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18 September 2012

Good riddance to the tidy ghastliness of England's old municipal gardens

Cheltenham municipal gardens
Cheltenham municipal gardens, 1977 (Photo: Philip Halling)

I am no gardener, but that doesn’t mean I don’t revel in good gardens. I hate, hate, hate, classical French gardens, and love, love, love, their English equivalents. So it’s no surprise that I was never a fan of excessively tidy straight-rowed suburban gardens or the municipal ghastliness of rigid, red-hot-poker style flowers and violent clashing colours.

But are they giving way to a more gentle world of wild flowers and meadows?

Until a few years ago, a friend used to take me annually to the Chelsea Flower Show, and while we appreciated the wonderful exhibitions, we did get a lot of fun out of the unbelievable municipal-gardening atrocities. “Yes,” we would cry, “Gateshead has done it again!”

I have to admit that on my last visit, Gateshead disappointed us on the one hand, while giving hope on the other. It was really rather nice. And over the last few years, the odd look at gardening supplements suggests that municipal gardeners are improving steadily.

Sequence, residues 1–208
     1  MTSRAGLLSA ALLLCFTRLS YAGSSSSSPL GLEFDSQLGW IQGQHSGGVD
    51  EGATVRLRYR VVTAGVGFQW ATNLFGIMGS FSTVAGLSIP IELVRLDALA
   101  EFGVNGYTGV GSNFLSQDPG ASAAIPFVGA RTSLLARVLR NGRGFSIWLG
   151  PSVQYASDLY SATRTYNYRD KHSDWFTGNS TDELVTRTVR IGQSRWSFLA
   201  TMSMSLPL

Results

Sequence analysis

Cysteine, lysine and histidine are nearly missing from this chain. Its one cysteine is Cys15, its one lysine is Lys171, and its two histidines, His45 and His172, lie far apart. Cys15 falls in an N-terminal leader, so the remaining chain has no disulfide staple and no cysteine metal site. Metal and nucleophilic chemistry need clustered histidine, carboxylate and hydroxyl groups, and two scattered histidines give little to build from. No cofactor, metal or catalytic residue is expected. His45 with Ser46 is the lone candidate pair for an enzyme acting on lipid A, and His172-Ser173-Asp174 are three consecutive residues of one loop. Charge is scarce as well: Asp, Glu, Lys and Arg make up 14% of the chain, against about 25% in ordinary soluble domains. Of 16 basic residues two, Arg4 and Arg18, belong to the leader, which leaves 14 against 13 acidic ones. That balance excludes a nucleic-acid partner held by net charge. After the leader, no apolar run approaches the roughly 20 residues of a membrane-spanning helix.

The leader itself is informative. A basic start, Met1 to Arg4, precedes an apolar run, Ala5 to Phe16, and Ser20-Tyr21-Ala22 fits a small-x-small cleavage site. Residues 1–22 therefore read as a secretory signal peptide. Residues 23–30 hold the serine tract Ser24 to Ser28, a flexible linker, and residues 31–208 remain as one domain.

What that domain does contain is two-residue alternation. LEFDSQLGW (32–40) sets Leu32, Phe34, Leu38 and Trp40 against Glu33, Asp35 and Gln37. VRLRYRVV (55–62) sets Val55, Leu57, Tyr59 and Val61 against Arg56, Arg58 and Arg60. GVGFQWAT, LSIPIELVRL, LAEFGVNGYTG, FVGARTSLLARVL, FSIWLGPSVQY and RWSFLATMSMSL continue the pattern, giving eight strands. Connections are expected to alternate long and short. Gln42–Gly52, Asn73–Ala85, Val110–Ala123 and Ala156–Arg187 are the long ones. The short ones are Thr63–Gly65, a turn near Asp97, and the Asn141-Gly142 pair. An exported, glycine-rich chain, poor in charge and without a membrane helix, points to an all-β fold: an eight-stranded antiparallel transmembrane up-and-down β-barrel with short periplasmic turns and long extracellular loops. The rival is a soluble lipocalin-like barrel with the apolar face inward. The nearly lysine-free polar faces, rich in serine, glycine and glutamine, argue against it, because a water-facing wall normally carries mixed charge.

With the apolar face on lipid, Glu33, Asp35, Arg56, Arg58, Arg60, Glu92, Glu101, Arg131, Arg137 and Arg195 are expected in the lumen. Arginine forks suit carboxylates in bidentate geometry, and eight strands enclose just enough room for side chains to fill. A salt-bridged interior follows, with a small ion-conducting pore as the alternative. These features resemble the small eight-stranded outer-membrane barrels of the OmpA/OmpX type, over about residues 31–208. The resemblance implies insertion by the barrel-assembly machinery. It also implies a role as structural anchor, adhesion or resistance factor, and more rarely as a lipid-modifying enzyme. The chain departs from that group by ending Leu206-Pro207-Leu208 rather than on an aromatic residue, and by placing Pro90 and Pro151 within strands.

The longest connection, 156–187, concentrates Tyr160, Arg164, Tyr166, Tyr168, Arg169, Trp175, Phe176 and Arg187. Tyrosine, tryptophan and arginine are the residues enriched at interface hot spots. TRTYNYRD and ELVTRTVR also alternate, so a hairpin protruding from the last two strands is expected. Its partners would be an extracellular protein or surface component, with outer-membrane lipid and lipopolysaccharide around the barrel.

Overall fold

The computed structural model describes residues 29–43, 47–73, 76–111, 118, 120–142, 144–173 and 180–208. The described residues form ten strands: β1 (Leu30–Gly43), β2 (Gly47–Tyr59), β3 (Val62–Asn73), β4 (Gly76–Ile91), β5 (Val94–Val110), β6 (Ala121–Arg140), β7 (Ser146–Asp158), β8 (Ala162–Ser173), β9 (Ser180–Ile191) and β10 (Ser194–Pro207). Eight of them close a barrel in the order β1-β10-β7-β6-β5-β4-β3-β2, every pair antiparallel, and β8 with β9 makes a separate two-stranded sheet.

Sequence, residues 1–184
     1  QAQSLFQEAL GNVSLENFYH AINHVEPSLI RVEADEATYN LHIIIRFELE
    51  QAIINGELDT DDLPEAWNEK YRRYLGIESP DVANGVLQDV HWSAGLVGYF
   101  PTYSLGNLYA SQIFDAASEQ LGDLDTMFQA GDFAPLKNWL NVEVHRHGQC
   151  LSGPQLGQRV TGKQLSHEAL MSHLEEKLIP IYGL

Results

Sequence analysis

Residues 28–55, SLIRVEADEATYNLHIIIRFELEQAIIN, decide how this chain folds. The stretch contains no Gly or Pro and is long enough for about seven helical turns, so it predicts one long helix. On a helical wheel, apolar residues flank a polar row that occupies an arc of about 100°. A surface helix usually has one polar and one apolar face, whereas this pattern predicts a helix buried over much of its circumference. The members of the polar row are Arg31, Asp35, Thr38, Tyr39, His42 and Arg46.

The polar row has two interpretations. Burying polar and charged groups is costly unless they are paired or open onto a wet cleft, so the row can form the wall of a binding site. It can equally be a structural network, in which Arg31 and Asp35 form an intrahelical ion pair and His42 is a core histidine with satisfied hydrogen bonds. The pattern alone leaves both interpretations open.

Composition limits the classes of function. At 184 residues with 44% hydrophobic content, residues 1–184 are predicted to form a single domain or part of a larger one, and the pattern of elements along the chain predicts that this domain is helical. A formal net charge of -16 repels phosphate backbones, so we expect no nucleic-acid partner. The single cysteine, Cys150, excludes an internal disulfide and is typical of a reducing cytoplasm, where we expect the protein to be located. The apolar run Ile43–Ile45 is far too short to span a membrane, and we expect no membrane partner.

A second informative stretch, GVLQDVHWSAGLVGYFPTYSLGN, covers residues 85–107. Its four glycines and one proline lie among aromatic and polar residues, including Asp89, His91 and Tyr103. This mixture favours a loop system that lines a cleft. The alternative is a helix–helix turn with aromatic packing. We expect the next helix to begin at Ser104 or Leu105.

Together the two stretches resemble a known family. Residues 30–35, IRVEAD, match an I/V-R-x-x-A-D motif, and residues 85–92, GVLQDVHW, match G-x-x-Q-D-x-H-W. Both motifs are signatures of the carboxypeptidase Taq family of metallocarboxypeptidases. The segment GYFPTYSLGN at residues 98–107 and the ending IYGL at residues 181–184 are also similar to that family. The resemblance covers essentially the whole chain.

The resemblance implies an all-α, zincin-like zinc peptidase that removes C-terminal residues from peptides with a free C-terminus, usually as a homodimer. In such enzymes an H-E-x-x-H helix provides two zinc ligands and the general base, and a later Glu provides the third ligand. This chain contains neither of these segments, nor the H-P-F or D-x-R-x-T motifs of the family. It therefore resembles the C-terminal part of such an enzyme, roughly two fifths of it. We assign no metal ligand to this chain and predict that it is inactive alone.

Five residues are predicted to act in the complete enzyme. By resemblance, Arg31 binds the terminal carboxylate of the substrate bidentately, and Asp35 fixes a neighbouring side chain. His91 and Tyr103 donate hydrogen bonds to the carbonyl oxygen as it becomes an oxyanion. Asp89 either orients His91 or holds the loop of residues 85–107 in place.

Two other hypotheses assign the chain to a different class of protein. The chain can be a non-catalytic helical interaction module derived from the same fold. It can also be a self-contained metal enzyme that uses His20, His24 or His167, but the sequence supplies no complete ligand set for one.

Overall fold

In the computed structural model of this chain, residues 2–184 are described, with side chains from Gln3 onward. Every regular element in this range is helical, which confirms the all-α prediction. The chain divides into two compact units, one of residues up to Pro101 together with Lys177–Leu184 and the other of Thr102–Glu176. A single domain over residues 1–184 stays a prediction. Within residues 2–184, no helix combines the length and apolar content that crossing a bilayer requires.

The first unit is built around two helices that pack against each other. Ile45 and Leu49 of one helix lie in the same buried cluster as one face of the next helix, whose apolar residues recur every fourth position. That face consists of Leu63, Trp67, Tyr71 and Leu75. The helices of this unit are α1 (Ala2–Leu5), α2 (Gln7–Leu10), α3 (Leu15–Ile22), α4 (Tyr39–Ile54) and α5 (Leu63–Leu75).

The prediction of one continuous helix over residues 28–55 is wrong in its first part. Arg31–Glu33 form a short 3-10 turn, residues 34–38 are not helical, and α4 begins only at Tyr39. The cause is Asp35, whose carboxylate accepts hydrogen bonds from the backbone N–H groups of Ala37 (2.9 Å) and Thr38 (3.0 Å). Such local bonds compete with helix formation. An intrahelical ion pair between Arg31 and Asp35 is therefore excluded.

Last week, I walked from the tube to my Chiswick dentist through what on my last visit was a pleasant but dull park. This time, along the edge was a long side-meadow of wild flowers and a couple of children playing the middle of it with even a few butterflies to keep them company. Then, a day later, I was wandering down the South Bank with a friend and we saw signs to the garden at the top of the Queen Elizabeth Hall, which proved to include a meadow, a vegetable garden and even a scarecrow, which was being embraced by a little urban boy who had never seen such an object off the TV.

You are Telegraph readers. You’re supposed to know about gardens. When you’re not getting excited about gays, or Islamists, or Cleggs, please tell me if – as I’m hoping – municipal gardening has changed utterly. And for the better.

Ruth Dudley Edwards

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